Women ‘aren’t being warned’ about breast implant cancer risk

Women ‘aren’t being warned’ about breast implant cancer risk


Women ‘aren’t being warned’ about the cancer risk of having breast implants which can trigger the deadly disease years later

  • Breast implant-associated anaplastic large cell lymphoma is a rare cancer
  • It is triggered by breast implants in around one in 24,000 cases in the UK
  • Experts warn women aren’t being told about the risk before their surgery 

Women are not being warned that having breast implants could give them potentially deadly cancer, an expert claims.

The number of women getting cancer after having implants may be being underestimated, whether they’re part of cancer treatment or for cosmetic reasons.

Breast implant-associated anaplastic large cell lymphoma (BIA-ALCL) is an officially recognised type of cancer and has been reported 57 times in the UK since 2012.

Surgeons are being urged to be more proactive about diagnosing and reporting the condition amid concerns it affects one in every 24,000 implants in Britain.

Kimra Rogers, 50, from Idaho, got cancer as a result of breast implants she had put in 14 years earlier as part of a breast enlargement – she says she was not warned about the risk and had chemotherapy and radiotherapy when doctors misdiagnosed her with Hodgkin’s lymphoma

Nigel Mercer, the former president of the British Association of Plastic Reconstructive and Aesthetic Surgeons (BAPRAS), told The Times he knows ‘for certain’ that women are not being told about the risk.

He said it would be ‘pretty devastating news’ for a patient who had already had their breast removed because of cancer to be told they had another form of the disease.

More than 40 per cent of women who have surgery for breast cancer have a mastectomy, in which the breast is removed.

Many of these women will have implants to reconstruct the breast afterwards.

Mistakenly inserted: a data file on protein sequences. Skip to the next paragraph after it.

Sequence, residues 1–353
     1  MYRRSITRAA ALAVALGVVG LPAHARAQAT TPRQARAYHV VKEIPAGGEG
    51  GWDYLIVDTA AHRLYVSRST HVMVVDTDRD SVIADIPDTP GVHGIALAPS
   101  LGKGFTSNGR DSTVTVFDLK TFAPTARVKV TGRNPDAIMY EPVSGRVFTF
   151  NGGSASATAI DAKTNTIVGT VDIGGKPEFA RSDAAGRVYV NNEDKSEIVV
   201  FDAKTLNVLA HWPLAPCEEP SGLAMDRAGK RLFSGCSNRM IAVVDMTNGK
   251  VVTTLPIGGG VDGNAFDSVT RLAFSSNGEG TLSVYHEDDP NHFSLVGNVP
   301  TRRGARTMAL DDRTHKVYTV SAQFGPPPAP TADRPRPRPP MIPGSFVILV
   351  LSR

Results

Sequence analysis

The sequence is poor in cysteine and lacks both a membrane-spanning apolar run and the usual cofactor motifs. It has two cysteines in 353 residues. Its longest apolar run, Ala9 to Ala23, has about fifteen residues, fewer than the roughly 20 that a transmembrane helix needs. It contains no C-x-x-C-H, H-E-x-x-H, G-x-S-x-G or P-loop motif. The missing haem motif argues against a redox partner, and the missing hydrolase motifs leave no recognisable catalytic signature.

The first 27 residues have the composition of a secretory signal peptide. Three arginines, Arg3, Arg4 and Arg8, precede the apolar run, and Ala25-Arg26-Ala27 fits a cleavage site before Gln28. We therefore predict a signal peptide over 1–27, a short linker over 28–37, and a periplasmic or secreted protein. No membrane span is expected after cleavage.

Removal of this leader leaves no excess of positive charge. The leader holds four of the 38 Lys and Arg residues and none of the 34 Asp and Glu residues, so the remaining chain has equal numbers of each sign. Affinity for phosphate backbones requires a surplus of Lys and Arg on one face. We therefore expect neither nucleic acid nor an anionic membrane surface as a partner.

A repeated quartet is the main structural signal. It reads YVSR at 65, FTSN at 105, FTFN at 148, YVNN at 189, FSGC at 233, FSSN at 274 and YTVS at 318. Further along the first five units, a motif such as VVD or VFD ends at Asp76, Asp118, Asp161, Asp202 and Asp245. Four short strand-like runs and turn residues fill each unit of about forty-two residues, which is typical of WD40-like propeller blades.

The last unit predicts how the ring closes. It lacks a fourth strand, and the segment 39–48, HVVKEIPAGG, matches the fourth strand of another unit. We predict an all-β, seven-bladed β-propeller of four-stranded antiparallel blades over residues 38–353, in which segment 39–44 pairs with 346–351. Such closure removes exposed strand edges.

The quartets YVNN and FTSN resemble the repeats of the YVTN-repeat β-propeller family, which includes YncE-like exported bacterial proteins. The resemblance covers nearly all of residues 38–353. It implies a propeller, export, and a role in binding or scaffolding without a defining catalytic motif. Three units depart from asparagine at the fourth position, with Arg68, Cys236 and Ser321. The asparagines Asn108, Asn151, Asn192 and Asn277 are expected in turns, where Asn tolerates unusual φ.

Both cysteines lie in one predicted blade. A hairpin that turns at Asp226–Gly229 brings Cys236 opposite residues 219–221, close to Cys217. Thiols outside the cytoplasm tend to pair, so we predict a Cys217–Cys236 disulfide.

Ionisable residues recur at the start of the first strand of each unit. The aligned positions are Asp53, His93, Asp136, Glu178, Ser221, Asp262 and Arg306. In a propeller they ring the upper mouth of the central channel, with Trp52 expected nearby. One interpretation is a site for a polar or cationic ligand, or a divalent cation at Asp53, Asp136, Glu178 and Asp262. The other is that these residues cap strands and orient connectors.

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‘I have seen patients who have not been warned there is a risk of BIA-ALCL by the clinic or surgeon they have seen,’ Mr Mercer said.

BIA-ALCL is a type of lymphoma, meaning it is a cancer beginning in immune system cells called lymphocytes. It can then spread around the body.

Non-Hodgkin lymphomas – of which there are more than 60 types –  have a 10 year survival rate of around 63 per cent, according to Cancer Research UK.

BIA-ALCL is usually noticed when women who have had breast implants feel one of their breasts swelling quickly but without causing pain.

It was identified for the first time in 2010 and the first case in the UK was diagnosed in 2012 – since then, 45 confirmed cases have met the official definition of the disease.

Exactly how the implants trigger the cancer is not known but it can normally be treated with surgery if caught early on.


A mother-of-three from Caldwell, Idaho, last year revealed she had lymphoma which she believed was caused by her breast implants.  

Kimra Rogers, 50, was diagnosed with lymphoma in May 2016 and, to her horror, she was told the cancer was likely caused by her breast implants.

She had the implants 14 years earlier to increase her breast size from a small B-cup to a large C-cup.

Ms Rogers was horrified to discover her cancer had probably been caused by the implants used in the breast enlargement she had 14 years earlier

Although there is now research explaining the links between implants and breast implant associated anaplastic large-cell lymphoma (BIA-ALCL), Ms Rogers claims she was never told about the risk when she went to have the procedure done.